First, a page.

Tilden became Aussem's coach and made her a world class player. Aussem's trademark became her powerful flat forehand. Newspaper articles said that Aussem had a great sliced backhand and effective drop shots.[6] But her biggest qualities were her precision, athletic conditioning, and fighting spirit.


Cilly Aussem in 1930

In 1928 Aussem's mother claimed that Paula von Reznicek had twice beaten her daughter by using hypnotism, which led to a lawsuit in which Von Reznicek filed charges of 'defamation of character' and Aussem's mother charged her with 'insulting assault'.[7][8][9]

Aussem suffered from eye inflammation throughout 1929 but in 1930 she had her breakthrough.[10] With Tilden, she won all the mixed double titles on the Riviera that season. At the French Championships, Aussem and Tilden defeated the world's top two mixed doubles teams, Elizabeth Ryan / Jean Borotra and Eileen Bennett Whittingstall / Henri Cochet, and took the French title.[11] Aussem also reached a singles semifinal, where she lost to Helen Jacobs.

At Wimbledon, Aussem won against Jacobs in the quarterfinal and faced Ryan in a semifinal. The match ended unexpectedly. While running, Aussem tumbled, fell, twisted her ankle and lost consciousness.[12][13] After that incident, health problems hampered the remainder of Aussem's tennis career. Her eyes became more and more sensitive, so that she had to spend hours in a darkened room waiting for her matches to start.[14]

But Aussem's best tennis result was still to come. At the end of 1930, three years after starting to play in international championships, she reached second place in the world rankings.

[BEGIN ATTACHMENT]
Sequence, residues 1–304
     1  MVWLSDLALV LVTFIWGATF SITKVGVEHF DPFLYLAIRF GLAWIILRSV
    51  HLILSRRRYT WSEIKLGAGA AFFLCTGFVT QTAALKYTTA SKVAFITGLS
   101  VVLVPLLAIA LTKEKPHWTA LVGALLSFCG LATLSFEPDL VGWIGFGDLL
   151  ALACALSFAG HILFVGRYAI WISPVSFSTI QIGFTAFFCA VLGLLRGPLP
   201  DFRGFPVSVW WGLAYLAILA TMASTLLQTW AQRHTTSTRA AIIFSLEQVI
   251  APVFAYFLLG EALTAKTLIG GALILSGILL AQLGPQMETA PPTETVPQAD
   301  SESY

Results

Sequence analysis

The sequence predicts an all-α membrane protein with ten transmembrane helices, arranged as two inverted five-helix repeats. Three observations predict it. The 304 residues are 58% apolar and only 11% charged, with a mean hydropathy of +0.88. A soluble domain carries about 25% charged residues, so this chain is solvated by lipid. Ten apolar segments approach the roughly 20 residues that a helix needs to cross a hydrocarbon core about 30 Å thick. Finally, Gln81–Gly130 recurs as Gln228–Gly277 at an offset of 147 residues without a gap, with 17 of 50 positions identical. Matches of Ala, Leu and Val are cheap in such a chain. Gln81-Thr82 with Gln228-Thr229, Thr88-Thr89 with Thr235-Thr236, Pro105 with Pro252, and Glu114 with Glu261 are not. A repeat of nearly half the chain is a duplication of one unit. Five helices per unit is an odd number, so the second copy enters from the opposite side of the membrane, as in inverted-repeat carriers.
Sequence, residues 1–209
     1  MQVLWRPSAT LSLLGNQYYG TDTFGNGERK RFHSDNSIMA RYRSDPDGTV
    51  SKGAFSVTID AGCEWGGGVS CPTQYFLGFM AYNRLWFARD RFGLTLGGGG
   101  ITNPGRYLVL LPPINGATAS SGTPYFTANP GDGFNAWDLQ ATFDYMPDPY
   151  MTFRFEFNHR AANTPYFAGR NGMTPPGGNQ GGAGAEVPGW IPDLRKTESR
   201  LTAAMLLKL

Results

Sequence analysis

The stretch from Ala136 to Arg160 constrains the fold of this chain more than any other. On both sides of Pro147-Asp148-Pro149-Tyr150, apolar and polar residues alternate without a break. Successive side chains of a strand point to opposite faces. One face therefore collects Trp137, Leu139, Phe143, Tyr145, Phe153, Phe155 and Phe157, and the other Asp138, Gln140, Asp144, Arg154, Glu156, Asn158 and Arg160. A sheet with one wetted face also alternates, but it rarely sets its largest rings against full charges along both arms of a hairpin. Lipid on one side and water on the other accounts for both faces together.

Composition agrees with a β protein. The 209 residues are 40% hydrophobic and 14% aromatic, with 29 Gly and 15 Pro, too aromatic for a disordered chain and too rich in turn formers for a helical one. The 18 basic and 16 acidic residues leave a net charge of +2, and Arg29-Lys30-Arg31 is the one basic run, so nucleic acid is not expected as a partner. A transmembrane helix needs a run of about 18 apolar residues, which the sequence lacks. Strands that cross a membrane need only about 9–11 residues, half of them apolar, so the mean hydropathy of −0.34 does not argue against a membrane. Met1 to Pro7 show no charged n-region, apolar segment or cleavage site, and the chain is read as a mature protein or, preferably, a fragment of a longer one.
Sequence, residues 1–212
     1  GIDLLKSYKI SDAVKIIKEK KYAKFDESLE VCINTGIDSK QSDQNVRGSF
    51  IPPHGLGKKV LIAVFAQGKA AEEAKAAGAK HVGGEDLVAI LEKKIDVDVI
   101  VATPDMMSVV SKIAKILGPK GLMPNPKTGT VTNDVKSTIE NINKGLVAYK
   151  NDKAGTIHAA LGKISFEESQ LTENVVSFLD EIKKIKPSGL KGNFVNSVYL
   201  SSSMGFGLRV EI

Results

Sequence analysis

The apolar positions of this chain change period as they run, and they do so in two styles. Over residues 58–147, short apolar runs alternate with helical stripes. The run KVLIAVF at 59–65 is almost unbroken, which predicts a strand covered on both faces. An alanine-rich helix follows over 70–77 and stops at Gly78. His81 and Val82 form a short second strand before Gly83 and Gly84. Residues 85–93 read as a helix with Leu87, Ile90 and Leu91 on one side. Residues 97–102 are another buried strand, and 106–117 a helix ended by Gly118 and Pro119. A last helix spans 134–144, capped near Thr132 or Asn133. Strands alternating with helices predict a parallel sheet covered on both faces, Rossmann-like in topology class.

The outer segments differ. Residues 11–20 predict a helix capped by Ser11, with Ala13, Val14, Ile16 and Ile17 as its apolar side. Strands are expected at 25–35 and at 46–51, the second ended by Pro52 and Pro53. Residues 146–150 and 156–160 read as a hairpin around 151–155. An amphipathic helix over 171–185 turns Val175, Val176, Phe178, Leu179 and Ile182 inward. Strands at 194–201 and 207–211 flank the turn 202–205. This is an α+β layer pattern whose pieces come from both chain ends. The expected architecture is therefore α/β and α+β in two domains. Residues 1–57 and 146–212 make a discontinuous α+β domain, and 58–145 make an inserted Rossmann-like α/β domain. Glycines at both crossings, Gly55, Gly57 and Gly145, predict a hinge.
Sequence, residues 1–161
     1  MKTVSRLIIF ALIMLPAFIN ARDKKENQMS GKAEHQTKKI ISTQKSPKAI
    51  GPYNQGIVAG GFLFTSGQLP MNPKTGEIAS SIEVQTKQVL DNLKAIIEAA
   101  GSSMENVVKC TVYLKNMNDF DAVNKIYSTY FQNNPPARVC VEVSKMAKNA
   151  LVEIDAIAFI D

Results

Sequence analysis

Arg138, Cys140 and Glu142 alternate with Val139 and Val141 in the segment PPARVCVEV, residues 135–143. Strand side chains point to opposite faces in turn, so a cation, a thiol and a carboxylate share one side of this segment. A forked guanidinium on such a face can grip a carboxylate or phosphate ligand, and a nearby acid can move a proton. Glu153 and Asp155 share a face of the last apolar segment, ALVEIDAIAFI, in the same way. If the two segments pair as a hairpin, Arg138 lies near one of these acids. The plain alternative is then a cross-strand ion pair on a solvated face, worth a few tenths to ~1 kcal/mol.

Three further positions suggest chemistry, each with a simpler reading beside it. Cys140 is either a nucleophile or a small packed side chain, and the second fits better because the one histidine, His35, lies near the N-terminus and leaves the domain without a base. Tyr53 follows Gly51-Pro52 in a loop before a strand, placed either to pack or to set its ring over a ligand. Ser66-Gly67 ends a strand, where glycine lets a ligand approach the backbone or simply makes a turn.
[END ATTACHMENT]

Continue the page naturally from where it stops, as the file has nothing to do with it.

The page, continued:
First German Wimbledon champion

1931 was Aussem's most successful year. She won the French Championships, defeating Betty Nuthall Shoemaker of the United Kingdom, and the German Championships. Aussem also won the Wimbledon singles championship, defeating her compatriot Hilde Krahwinkel 6–2, 7–5. She became the first German woman to do so. Aussem again was ranked World No. 2 behind Helen Wills Moody.[4] An English newspaper described Aussem as follows: "There is a Paavo Nurmi of tennis from Germany, a beautiful young girl. Her quickness and her fighting spirit are singular!"

Trip to South America and illness

All seemed to be prepared for a great international career when something happened that stopped Aussem's rapid rise. Celebrating the successful year of 1931, Aussem and her friend and teammate, Irmgard Rost, decided to travel to Argentina, Brazil and Chile. Aussem won some tournaments there but also caught a serious liver inflammation.[15] Back in Germany, she underwent surgery from which she recovered only very slowly. During the two years she was not allowed to participate in sports, she dreamed about a comeback.

In 1933, Aussem returned to the courts but was not able to regain her form. In 1934, she again reached ninth place in the worldwide rankings but started losing to players she had always beaten. She lost at Wimbledon to Helen Jacobs in a quarterfinal and decided to quit the tour at the young age of 25.[16]